So, F2λ=λ1λ 2λ1e λ2e λ2 6e λ41 (Fig. 8).

Figure 8

The function F2λ=λ1λ 2λ1e λ2e λ2 6e λ41.

The only one root of F2 is λ0.98.

Then, for λ0=0.98 the condition of Theorem 1 is satisfied. In fact, since v is increasing on 1,0 and  η is decreasing on 1,0:

μλ0=μ0.98max1θ0e0.98θ+12θ+12Vθ+1241,0+max1θ0e0.98θ4θ4V32θ1,0=e0.982214+e 0.9844320.5<1

So, the solution is asymptotically stable.

In this example, stability analysis can be performed using Corollary 1 of Lemma 1 without using the characteristic equation. Indeed, we get:

10eθ+1dθ+124+10eθ2d32θ =1210θ+1eθ+13eθ2dθ0.68>210eθ+1dθ+124+10eθ2d32θ =1210θ+1eθ+13e θ2dθ1.68<210θ+12eθ+1dVθ+124+10θ4e θ2dV32θ e214+e4320.961

Thus, according to Lemma 1, it states that a real root must pass in the interval (−2, 2).

Finally, from Corollary 1 we obtain:

v1+η1=0+32>v0+η0=14+0
and thus the solution is asymptotically stable.

Example 7.

Consider the equation:

xt=10xtθ2dθ4+10xt+θ2dηθ4

Here r1θ=θ2, vθ=θ4, r2θ=θ2, ηθ=θ4 and the characteristic equation is given by:

λ=10eλθ2dθ4+ 10eλθ2dθ4     =1410eλθ2+e λθ2dθ     =12λeλ2e λ2

So, F3λ=λ+12λeλ2e λ2.

The graph of the function F3 (Fig. 9) shows that F3 has two roots: λ0.5 and λ11.

Figure 9

The function F3λ=λ+12λeλ2e λ2.

Let λ=11:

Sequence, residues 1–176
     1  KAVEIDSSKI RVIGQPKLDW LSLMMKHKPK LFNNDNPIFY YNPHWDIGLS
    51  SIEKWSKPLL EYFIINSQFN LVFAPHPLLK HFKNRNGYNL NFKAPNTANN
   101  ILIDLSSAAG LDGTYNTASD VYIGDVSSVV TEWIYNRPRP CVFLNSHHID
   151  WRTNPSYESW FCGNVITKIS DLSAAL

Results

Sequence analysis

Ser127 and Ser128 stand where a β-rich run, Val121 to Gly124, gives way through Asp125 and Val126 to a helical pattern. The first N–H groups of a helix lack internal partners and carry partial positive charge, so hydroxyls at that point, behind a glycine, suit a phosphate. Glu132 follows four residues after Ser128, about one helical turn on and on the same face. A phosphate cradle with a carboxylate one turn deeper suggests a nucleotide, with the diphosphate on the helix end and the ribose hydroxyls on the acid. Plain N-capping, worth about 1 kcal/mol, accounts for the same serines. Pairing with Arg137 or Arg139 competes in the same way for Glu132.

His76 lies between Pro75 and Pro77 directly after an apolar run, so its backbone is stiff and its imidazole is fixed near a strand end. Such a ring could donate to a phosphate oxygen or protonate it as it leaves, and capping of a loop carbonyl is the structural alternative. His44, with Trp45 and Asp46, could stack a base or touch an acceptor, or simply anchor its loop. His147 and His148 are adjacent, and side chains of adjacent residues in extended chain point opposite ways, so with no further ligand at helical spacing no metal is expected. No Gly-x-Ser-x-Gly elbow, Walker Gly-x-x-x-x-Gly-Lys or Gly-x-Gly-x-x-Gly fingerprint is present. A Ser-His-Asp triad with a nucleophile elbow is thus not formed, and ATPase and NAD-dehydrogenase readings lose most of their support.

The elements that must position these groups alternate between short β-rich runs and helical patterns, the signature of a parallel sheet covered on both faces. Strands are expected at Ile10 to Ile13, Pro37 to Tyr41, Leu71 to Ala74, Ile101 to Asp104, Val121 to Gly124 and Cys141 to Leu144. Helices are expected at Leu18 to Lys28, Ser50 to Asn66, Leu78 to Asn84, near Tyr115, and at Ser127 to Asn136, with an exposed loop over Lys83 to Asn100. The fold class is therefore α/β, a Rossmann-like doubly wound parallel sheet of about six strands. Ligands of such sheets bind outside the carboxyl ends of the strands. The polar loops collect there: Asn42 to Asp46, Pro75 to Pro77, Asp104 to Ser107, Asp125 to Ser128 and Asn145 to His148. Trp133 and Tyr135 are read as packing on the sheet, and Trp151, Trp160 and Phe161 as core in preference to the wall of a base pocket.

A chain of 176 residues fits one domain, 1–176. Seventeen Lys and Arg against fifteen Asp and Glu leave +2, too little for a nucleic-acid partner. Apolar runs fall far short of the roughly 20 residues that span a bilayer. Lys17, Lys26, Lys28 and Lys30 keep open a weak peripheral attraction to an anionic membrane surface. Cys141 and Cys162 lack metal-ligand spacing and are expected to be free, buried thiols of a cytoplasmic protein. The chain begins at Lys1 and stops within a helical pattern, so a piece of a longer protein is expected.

β11=10θ2e 11θ2dθ410θ2e 11θ2dθ42.46μ11

So for λ0=11 Theorem 1 cannot be applied.

Let λ=0.5:

μλ0=μ12=10θ2e θ4dVθ4+10θ2e θ4dVθ4  e14214+e 142140.26<1

Then for λ0=0.5 the conditions of Theorem 1 are satisfied. So the solution is asymptotically stable.

ACKNOWLEDGMENT

Supported by the Center for Research and Development in Mathematics and Applications (CIDMA) through the Portuguese Foundation for Science and Technology (FCT – Fundação Para a Ciência e a Tecnologia), references UIDB/04106/2020 and UIDP/04106/2020.

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Cite This Article

ris
TY  - CONF
AU  - Sandra Pinelas
PY  - 2023
DA  - 2023/11/29
TI  - Stability of Solutions in Mixed Differential Equations
BT  - Proceedings of the 1st International Symposium on Square Bamboos and the Geometree (ISSBG 2022)
PB  - Athena Publishing
SP  - 71
EP  - 83
SN  - 2949-9429
UR  - https://doi.org/10.55060/s.atmps.231115.007
DO  - https://doi.org/10.55060/s.atmps.231115.007
ID  - Pinelas2023
ER  -